“Well, paisano, maybe you should  forget I said anything and just take heed of my earlier advice to you this fine, fine day. Happy Hanukkah, boychik.” With that, Ed's ghost dissolved into thin air. I stood there, staring into the mist, half expecting him to reappear at any moment. All I faced was a gray, gray sky over a pock-marked landscape, strewn with concrete rubble and here and there a little bit of circuit board and wire.

(Please keep on the lookout for the release of this very strange work of fiction.)

09 October 2011

Sunday Morning, Near the Bethesda Fountain

My artist friend David held out his bloody hand and waved it in my face. “What the hell am I supposed to do with THIS?” he demanded, waving it to and fro and splashing blood on my jacket.

I dunno...chalk it up to experience and try to be...I dunno...”inspired” by it? Why the hell are you asking me?”

You're the gobshite who is always going on about symbolism and all that crap. You writers are all a little bent. I figure you could do something with this.”

Well, Davey-O, you, sir, are the visual artist. I would assume you could do something yourself. Wrap a piece of raw codfish around it, strip nude, recite the ingredients on a jar of mayonnaise...I dunno...call it performance art. Wasn't that essentially what your “Cheese and Loathing” installation piece last spring consisted of?”

David blushed a little bit. “Go to hell, Andrews. This is serious. That damned circular saw was supposed to be just a prop. How was I to know that the switch on the damned thing worked?”

Well, this is a good lesson for all of us. I think that...”

See, there you go. I damn near get my hand taken off by a meat slicer on steroids and you're gonna' go and turn it into some kind of moral tale. Can't you just tell me what the hell I do now?”

Davey-O, I suggest a big glass of ice-cold gin with a tasty little olive and a nice trip to the emergency room. Maybe not in that order. The nurses will give you a lollipop if you behave yourself and don't make rude gestures with your good hand.”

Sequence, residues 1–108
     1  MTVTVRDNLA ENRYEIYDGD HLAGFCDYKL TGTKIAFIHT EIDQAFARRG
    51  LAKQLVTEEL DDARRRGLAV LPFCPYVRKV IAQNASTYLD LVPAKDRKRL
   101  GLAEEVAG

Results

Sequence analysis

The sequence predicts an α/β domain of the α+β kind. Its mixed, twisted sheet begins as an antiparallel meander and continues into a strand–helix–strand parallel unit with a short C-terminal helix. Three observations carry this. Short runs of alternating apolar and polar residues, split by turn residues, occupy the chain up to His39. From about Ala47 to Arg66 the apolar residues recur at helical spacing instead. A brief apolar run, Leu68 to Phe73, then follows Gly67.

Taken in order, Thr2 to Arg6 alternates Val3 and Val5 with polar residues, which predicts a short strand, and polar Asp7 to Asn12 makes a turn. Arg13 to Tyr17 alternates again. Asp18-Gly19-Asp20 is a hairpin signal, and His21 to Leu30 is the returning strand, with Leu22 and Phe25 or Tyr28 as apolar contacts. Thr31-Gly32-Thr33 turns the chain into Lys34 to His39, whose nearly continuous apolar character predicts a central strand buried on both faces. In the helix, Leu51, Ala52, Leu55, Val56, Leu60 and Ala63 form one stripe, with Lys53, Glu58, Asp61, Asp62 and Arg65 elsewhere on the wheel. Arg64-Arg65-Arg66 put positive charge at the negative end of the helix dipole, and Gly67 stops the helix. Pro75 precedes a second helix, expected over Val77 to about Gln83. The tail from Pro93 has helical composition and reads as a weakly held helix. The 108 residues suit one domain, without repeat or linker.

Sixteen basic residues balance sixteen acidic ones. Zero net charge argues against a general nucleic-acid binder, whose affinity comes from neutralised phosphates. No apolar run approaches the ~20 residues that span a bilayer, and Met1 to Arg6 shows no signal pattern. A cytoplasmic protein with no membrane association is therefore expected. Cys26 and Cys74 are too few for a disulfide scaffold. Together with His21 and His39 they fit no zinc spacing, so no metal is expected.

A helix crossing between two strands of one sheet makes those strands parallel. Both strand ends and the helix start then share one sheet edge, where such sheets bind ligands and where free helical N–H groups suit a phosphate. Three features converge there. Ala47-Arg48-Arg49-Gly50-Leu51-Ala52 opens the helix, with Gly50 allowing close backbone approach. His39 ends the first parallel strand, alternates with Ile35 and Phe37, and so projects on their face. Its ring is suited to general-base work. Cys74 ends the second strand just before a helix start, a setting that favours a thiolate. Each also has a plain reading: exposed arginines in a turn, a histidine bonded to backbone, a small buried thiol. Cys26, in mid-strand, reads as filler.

Fair enough,” replied David, smiling a bit, “that seems reasonable. Still, you're probably right...there must be something to be learned from this.”

David...perhaps the lesson is that when you are learning to juggle you should just stick to chainsaws. You should have known those extension cords would get in the way.”

05 October 2011

Humble Access (as told by Jeb)

(Excerpted from The Pultenham County Sketchbook, by Tom Andrews)

Patience don't know what Patience can't see. Patience had to spend near almost every minute of the day just wishin' she were closed up in her room, didn't she? Yessir, now, she did. Patience tried to ruin that poor Switchback boy and the whole county knew it, but the whole county knew, oddly enough, how good that Switchback boy was. And is. And probably always going to be.

They was in high school, if I recall. Peter was a good-lookin', smart and athletic boy and involved in the DeMolays – only a handfull of boys were, if I remember correctly. Very unpopular group.  Peter spent a lot of his free time organizing things, too. Food drives, nursing home visits in Cotton City – that sort of thing. He really had no time for messing around and that was what got Patience's goat, I believe.

That Switchback boy had turned down her advances a number of times, for she was a dark child, something not right and something not all together clean about her. She wore clothing that was just on the verge of revealing too much and she wore thick, dark makeup to school. Some said that she had a tattoo that she had placed somewhere on her that the modest eye would not see – a tattoo she got on a trip to Cotton City - a trip taken with an older man who drove a fast car and liked to drink whiskey. Patience had more than whiskey and tattoos that she was keeping a secret, I can only imagine.